IPV places an enormous burden on health care resources, with a recent National Center for Injury Prevention and Control study citing estimated costs of IPV that exceed $5.8 billion annually.[39] A low rate of detection of IPV by medical practitioners has been recognized, mostly due to the lack of reliable correlates and risk factors to use for screening.[40-43] One correlate that has continued to emerge is the presence of depressive symptoms for both perpetrators[2, 9, 26, 31, 44-49] and female victims of IPV.[2, 4, 17, 18, 31, 41, 48-54] The severity of violence and the severity of depression have also been linked.[44, 50, 54]

Examining both IPV victimization and perpetration among males and females, Caetano and Cunradi found higher depressive scores among females who perpetrated physical IPV and males who reported physical IPV victimization.[48] Data from the National Violence Against Women Survey of women (n = 6,790) and men (n = 7,122) ages 18-65 revealed that physical IPV victimization was associated with increased depressive symptoms for both men and women.[17] Yet, overall, few researchers have focused on the mental health of male victims of IPV and even less research has been conducted on IPV and mental health among rural populations. In addition, medical screenings continue to focus primarily on female victims, specifically of physical IPV. Male victims of physical IPV and emotional IPV victimization, in general, are seldom examined in health care settings. For example, Coker et al. documented that 25% of participants in a primary health care-based screening would not have been identified as victims if the emotional abuse component had not been considered.[7]

Some researchers have found that emotional abuse is perpetrated more frequently than physical abuse.[27, 55] Emotional abuse has been identified as a precursor to physical abuse.[44, 56, 57] In addition, emotional abuse has been found to increase the risk for more frequent physical abuse, regardless of sex.[55] Yet despite the higher prevalence rate and the negative outcomes, few studies, particularly in the general population, have been conducted to better document both the prevalence of emotional abuse and the negative mental health consequences. Even fewer researchers have focused on the prevalence of IPV and mental health consequences among rural couples. This study adds to the body of research literature on IPV in several ways: (1) this study documents the prevalence of perpetration and victimization of physical and emotional abuse within cohabitating couples of a rural cohort; (2) the association between IPV and depressive symptoms (including the severity of depressive symptoms) is reported for both sexes; and (3) comparisons are drawn between males and females, physical and emotional IPV, and victims and perpetrators of IPV.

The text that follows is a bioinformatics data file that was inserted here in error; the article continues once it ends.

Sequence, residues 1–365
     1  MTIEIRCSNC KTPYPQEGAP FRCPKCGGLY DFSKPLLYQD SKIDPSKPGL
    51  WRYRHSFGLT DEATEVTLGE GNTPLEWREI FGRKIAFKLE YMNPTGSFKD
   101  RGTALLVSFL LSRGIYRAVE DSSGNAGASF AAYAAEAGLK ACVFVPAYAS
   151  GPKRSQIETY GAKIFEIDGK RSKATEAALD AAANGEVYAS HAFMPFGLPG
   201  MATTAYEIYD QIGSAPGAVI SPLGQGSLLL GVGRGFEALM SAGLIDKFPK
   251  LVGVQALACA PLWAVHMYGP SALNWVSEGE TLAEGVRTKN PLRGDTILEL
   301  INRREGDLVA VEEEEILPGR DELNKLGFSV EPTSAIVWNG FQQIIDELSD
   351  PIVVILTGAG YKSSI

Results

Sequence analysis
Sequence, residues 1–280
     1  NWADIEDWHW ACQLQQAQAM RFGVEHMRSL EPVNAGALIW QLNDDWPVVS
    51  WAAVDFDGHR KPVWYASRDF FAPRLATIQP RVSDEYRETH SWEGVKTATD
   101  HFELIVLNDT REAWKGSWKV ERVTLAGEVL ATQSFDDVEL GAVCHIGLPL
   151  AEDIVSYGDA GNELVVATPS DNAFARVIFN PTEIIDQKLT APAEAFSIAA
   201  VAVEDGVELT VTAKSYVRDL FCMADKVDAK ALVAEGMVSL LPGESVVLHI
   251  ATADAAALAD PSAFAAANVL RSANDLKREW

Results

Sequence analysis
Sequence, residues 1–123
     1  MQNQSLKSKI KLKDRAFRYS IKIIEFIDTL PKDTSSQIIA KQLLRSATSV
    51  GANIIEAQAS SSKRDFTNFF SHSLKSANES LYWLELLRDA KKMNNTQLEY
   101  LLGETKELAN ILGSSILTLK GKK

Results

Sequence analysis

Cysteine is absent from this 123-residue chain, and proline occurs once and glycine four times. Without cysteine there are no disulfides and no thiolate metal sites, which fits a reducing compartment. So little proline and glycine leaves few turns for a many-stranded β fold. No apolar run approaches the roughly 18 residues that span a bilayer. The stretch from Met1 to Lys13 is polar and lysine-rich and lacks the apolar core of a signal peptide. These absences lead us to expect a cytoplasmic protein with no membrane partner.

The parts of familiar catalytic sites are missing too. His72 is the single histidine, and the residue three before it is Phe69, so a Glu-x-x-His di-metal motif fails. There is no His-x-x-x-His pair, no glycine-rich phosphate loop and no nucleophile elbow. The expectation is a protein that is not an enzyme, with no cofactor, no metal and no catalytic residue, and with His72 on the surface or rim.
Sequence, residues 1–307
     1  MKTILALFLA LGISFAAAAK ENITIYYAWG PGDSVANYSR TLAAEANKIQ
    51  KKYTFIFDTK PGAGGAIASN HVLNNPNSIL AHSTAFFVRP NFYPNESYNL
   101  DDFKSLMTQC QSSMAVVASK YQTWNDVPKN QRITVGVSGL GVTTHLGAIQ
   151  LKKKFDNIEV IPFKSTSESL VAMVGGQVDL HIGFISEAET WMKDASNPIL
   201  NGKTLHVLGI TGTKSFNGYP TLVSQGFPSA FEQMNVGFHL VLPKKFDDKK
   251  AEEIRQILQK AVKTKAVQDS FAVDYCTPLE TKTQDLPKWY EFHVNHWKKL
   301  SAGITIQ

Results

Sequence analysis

METHODS

  1. Top of page
  2. Abstract
  3. METHODS
  4. Results
  5. Discussion
  6. Conclusion
  7. References

Study Population

The population studied for this research is from a geographically defined, rural Iowa, community-based, longitudinal cohort study. This study uses one survey period from 1994 through 1997 and is thus, a cross-sectional study nested within the cohort. All study participants are residents of a single county that is entirely rural (no town exceeds a population of 2,500). In this study, we used data from Round 1 of the study. The data collection methods used and the specific county characteristics are described elsewhere.[58]

Of the 1,633 adults in this cohort, 572 couples (70.1% of the cohort) were currently living with a partner and completed the IPV and mental health items. These couples were the sample for this analysis. Sexual orientation was not an inclusion criterion, although all participating couples involved a male and female. Twenty-four couples were eliminated from the cohort because of missing information from one of the partners for independent variables used in the logistic regression models.

The interviews were conducted in person, in a private room, by a trained interviewer, and without the partner being present. The IPV and mental health questions were embedded in a lengthy questionnaire involving multiple health-related questions.

Measures

For abuse questions, subjects were asked about their own behavior toward their partner as well as their partner's behavior toward them in the past 12 months. Physical or emotional abuse could be identified either by the subject or by the subject's partner. Physical abuse was measured using the 7 physical items from the Conflict Tactics Scale (threw something at him/her; pushed grabbed or shoved him/her; slapped him/her; kicked, bit, or hit him/her; threatening him/her with a knife or gun; or using a knife or gun) were used to measure physically abusive acts.[59] Yllo's Controlling Behavior Questions were used to measure emotional abuse[60]:

  1. You felt intimidated and frightened, for example, by your spouse's/partner's shouting, looks, smashing things.
  2. You felt isolated by your spouse/partner controlling who you could see or call or where you could go.